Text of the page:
Review: Um, what? ‘The Turning’ is a muddled take on madness

55
This image released by Universal Pictures shows Barbara Marten, left, and Mackenzie Davis in a scene from “The Turning.” (Patrick Redmond/Universal Pictures via AP)

It’s really not a good sign when a movie ends with a bold, shocking flourish and much of the audience can be heard muttering through the credits: “Wait, um … WHAT?”

Not, “Ooh” or “Wow” or “Hmm” or “Interesting!” Nope, this is more like an exasperated, even hostile sigh of confusion, as in, “I sat through an hour and a half for THIS?”

A befuddling ending is hardly the only perplexing choice by the filmmakers of “The Turning,” the latest update to the 19th-century horror novella “The Turn of the Screw” by Henry James, a man we could say is now “turning” in his grave — but we’ll spare you the pun.

One might also wonder, for example, why the action is transferred not to the present but only to 1994. A good guess might be the grunge-heavy soundtrack assembled here by director Floria Sigismondi, a veteran of music videos. It’s also the year of Kurt Cobain’s death — a poster of Cobain pointedly adorns the bedroom wall of one of the two orphans at the center of the plot.

But one suspects it might have something to do with technology, too, because if this movie took place in the WhatsApp era, our protagonist Kate, the governess sent to care for these troubled tykes in a secluded, dilapidated Maine mansion, would have texted friends for help pronto, and the story — hers, anyway — would quickly be over. Certainly by the time the sweet little kids staged a terrifying fake drowning in the swimming pool, just for kicks.

But we’re getting ahead of ourselves. A brief primer on the century-old plot: Kate is hired as a live-in tutor for Flora, age 7. The only other person in the home is the housekeeper, Mrs. Grose, a brittle, prickly woman who’s taken care of the family for generations. Older brother Miles is at boarding school.

Even before Kate (Mackenzie Davis, who brings a spunky, ready-for-anything vibe to the role but is ultimately defeated by the limited material) arrives for work, you sense she hasn’t really thought it all through. A schoolteacher, she’s leaving her 25 pupils to be a private tutor because, she tells her roommate, “I love teaching, but I want to make a difference.” Huh?

The Bly estate, as the home is called, might be a realtor’s dream — the ultimate fixer-upper — but things seem a little off from the start. Mrs. Grose asks Kate if she’s ever been a live-in governess. “Not since the 1800s,” Kate jokes wittily, not that Mrs. Grose (a frighteningly pale Barbara Marten, dressed all in gray) has a sense of humor. Kate learns that the children’s parents died in an accident, right outside the gates. And the previous nanny? She vanished without a trace.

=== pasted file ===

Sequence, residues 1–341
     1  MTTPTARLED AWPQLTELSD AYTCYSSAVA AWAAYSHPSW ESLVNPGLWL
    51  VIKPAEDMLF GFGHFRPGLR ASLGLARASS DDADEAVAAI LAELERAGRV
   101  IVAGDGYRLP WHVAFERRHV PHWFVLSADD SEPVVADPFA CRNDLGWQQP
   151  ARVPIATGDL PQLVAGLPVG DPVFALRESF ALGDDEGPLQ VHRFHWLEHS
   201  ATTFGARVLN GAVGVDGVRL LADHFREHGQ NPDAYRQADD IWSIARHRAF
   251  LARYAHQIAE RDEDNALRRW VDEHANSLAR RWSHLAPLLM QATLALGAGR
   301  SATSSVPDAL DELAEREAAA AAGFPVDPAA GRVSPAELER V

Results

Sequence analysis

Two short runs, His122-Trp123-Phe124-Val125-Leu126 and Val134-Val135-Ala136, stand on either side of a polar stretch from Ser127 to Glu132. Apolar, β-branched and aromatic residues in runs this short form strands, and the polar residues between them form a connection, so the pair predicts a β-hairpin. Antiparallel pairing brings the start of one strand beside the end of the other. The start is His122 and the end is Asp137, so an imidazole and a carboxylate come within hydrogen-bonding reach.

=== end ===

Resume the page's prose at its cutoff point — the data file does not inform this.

As for Flora (a winning Brooklynn Prince from “The Florida Project”), she never leaves the property and has no friends. Kate promises the girl she won’t abandon her like the other nanny did.

But things go south fast. Miles (a mop-headed Finn Wolfhard) comes home and proves a difficult boy, to say the least. And then, if difficult children weren’t enough, there are the ghosts, who start popping up at inopportune times and scaring the living daylights out of Kate.

If you’re familiar with the novella or the 1961 film “The Innocents,” you’ll know that figures from the past haunt the house — or do they? The question has always been whether it could all be part of the nanny’s troubled imagination. Kate’s mother (Joely Richardson), we learn early in the film, is institutionalized with mental issues, and the film suggests Kate may be afflicted, too.

And when we say “suggests,” we mean a character actually says, “Let’s hope it’s not genetic.” Nothing is subtle here, least of all the scary bits, the bread and butter of any horror film. Thunder at night? Check. Slamming doors? Scary faces materializing in windows and foggy mirrors? A mannequin that suddenly moves? Check. A game of tag in a dark basement turning scary ….well, duh!

The filmmakers have spoken of injecting feminist themes into their adaptation, a “Turn of the Screw” for the #MeToo era. But it’s not easy to to discern what they are.

It proves harder still to discern the message in that abrupt ending. Yes, it’s commendable to find new ways to tell a classic tale. It’s just that this tale has been told better, and more clearly, many times before.

“The Turning, ” a Universal release, has been rated PG-13 by the Motion Picture Association of America “for terror, violence, disturbing images, brief strong language and some suggestive content.” Running time: 94 minutes. One and a half stars out of four.

MPAA Definition of PG-13: Parents strongly cautioned. Some material may be inappropriate for children under 13.

Follow Jocelyn Noveck on Twitter at www.twitter.com/JocelynNoveckAP